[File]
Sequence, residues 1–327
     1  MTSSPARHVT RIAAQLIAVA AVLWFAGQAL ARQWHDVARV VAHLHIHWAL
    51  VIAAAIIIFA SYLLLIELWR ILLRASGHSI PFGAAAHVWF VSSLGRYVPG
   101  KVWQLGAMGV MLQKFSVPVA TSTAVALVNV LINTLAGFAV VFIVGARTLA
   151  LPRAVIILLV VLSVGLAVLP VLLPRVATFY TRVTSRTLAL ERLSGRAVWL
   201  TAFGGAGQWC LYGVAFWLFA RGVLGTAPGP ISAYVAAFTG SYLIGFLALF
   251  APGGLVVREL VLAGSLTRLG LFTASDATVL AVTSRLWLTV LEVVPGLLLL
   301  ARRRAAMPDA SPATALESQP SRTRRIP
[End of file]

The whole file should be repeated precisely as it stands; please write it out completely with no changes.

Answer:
Sequence, residues 1–327
     1  MTSSPARHVT RIAAQLIAVA AVLWFAGQAL ARQWHDVARV VAHLHIHWAL
    51  VIAAAIIIFA SYLLLIELWR ILLRASGHSI PFGAAAHVWF VSSLGRYVPG
   101  KVWQLGAMGV MLQKFSVPVA TSTAVALVNV LINTLAGFAV VFIVGARTLA
   151  LPRAVIILLV VLSVGLAVLP VLLPRVATFY TRVTSRTLAL ERLSGRAVWL
   201  TAFGGAGQWC LYGVAFWLFA RGVLGTAPGP ISAYVAAFTG SYLIGFLALF
   251  APGGLVVREL VLAGSLTRLG LFTASDATVL AVTSRLWLTV LEVVPGLLLL
   301  ARRRAAMPDA SPATALESQP SRTRRIP